The Japanese remake of Vincenzo Natali‘s sci-fi cult classic Cube, directed by Yasuhiko Shimizu (“Pension: Love Is Pink”), is now streaming on the Bloody Disgusting-powered SCREAMBOX.
The brutal sci-fi horror classic by Vincenzo Natali was so successful that it spawned Cube²: Hypercube (2002) and Cube Zero (2004). Natali (Splice, In the Tall Grass, NBC’s “Hannibal”) stayed on as a creative advisor for the Japanese remake, with Kôji Tokuo writing the adapted screenplay.
Bloody Disgusting spoke with Natali for the remake’s release on SCREAMBOX. The filmmaker revealed how he influenced the remake, including its director Yasuhiko Shimizu, and teased the trap he designed in the reimagining. The filmmaker reflects on his own film in the process.
Natali tells us how he got involved with the remake and why it appealed to him.
“I personally knew the producers who made it happen, who are Japanese, who I like very, very much, and wanted to support,” he shares. “And then I was excited by the idea of a Japanese remake, much more than an American remake, which has also been, I guess, batting around somebody’s development slate for a while. The American one, I was always fearful that was going to get the edges rounded off of it, and it’ll just be more of the same.
“But I felt with a Japanese one, it’s going to go through that cultural filter, and even if they tried to make it the same, it would never be the same. Combined with the fact that I think that Cube has a bit of Japanese in its DNA, I was even aware of that while we were making it. So I also felt they would understand and appreciate it for all the right reasons.“
When asked about the original film’s Japanese DNA, Natali elaborates, “When we were shooting Cube, we would joke that different cubes have different themes. There was one Cube that I called the Ozu Cube because I shot it like an [Yasujirō] Ozu movie with everyone seated on the ground. I mean, I’ve always admired Akira Kurosawa, of course. There is something again because it’s so archetypal. Those movies, the Kurosawa films in particular, are utterly timeless because they feel like they’re dealing with themes that will never die. They’re shot in such a dynamic but classical way; they don’t age at all.
“I don’t know how conscious I was at that, but I think I understood when I was making Cube that this is a similar kind of thing. As I say, it exists outside of time. I mean, if I were to go back again, I would remove more cultural references because I think that’s part of its strength, is it’s almost a myth, except that it’s in the science fictional context.”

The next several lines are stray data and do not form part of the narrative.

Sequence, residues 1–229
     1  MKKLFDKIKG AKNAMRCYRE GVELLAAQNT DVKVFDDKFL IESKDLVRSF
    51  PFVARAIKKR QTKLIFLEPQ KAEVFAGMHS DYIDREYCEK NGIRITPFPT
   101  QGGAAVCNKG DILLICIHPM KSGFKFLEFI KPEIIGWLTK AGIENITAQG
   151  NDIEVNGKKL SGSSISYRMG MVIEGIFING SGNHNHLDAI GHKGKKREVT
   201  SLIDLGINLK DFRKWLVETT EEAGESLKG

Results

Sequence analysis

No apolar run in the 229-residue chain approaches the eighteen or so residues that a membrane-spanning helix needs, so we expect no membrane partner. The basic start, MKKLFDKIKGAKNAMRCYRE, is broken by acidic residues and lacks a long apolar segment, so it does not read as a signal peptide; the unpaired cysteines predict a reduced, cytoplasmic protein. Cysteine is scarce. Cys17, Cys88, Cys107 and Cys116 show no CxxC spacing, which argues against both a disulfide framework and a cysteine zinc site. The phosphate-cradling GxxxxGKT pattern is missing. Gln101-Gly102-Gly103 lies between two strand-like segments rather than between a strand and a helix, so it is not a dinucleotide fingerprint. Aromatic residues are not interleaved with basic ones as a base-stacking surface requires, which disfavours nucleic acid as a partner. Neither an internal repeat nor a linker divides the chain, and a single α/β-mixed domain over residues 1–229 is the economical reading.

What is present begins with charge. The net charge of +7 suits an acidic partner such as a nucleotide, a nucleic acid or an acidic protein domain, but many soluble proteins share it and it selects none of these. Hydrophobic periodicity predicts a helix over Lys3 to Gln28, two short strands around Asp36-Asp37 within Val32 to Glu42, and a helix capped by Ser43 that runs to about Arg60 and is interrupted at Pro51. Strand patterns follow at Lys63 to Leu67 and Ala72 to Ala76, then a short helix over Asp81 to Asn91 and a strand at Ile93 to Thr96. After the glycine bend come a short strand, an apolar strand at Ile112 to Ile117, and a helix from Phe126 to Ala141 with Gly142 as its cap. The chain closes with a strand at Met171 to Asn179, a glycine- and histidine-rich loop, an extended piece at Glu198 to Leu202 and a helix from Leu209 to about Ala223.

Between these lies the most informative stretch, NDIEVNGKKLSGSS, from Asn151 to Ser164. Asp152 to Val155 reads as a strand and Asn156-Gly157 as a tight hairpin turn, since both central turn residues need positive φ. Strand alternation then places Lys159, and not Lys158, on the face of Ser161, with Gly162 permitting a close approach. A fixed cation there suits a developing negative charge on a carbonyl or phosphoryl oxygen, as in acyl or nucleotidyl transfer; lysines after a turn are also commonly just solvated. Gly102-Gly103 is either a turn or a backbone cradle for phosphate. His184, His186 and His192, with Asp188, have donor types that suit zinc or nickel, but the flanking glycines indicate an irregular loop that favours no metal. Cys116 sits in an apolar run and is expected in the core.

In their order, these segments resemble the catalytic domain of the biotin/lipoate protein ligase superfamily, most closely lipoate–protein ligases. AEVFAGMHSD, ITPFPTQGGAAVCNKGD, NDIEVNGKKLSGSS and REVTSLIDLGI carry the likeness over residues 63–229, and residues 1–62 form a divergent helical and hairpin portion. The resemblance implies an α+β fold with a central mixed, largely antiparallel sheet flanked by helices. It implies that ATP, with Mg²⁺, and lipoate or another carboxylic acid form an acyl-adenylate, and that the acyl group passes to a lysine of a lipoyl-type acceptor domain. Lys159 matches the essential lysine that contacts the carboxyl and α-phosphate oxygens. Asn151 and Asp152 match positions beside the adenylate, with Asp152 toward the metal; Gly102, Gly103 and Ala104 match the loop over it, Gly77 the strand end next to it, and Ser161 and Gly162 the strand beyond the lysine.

Once the Japanese remake of Cube was officially set in motion, Natali gave the filmmakers the creative freedom to make it their own.
He explains, “I tried to stay out of the way as much as possible, to be honest. I must admit I was a big part of choosing who directed it, Yasuhiko Shimuzu-san, who I really liked. He had made a very cool movie called Vice that I recommend to anybody that can get their hands on it. He completely did what I thought he would do. He’s a very gifted filmmaker, a very deep thinker, highly aesthetic, poetic filmmaker. I commented on the script a little bit, but I wanted the film to be its own movie.
“I like the remakes that are different than the originals. I don’t want to see the same thing, just with the gloss of whatever the latest digital effects are. I want to see something that is fundamentally in its DNA shifted into something else that is more contemporary and specific to this moment, which is what they did, and very specific to Japan and the generation gap that is exploding in that country right now. That seems to me what that film is really about, which has nothing to do with our first film.”
Did he offer any advice to the filmmakers of the remake?
“I think maybe if I gave any advice to Shimuzu-san, it was, ‘Make sure you focus on the humans,’” Natali answers. “I don’t know, I may be inventing that memory, but I think I said that. I mean, one of the inspirations for me for Cube was the Alfred Hitchcock film Lifeboat, because you couldn’t be in a more confined space. Yet he made it cinematic, and then he made it engaging because the characters, I think it’s written by John Steinbeck, the characters are intensely engaging, and they transform. They appear to be one thing at the beginning of the film, and then they reveal themselves to be something else very different as it goes along. I think that is what you are in a great way forced to do when you are in this confined environment with a limited number of characters. The Japanese remake has taken that lesson to heart and made it a tremendously humanistic story, and probably much more compassionate than my film, which is somewhat surprising but lovely.”
Natali continues, “I can’t remember if I said this to Shimuzu-san, but I think I said, ‘Don’t go in the Cube, don’t do it. It’s a horrible place to shoot a movie.’ I don’t know if I actually said that out loud, but no, I wanted to support them and do that by being absent. The only specific thing I did, which was a fun, jokey thing, was I did design one of the traps; but I was more of a cheerleader, really.”
As for which trap, Natali offers one simple tease: “The last one.”
If you’ve seen it, you know it’s a creative showstopper. If you haven’t? The brand new remake of Cube is now available to stream only on SCREAMBOX.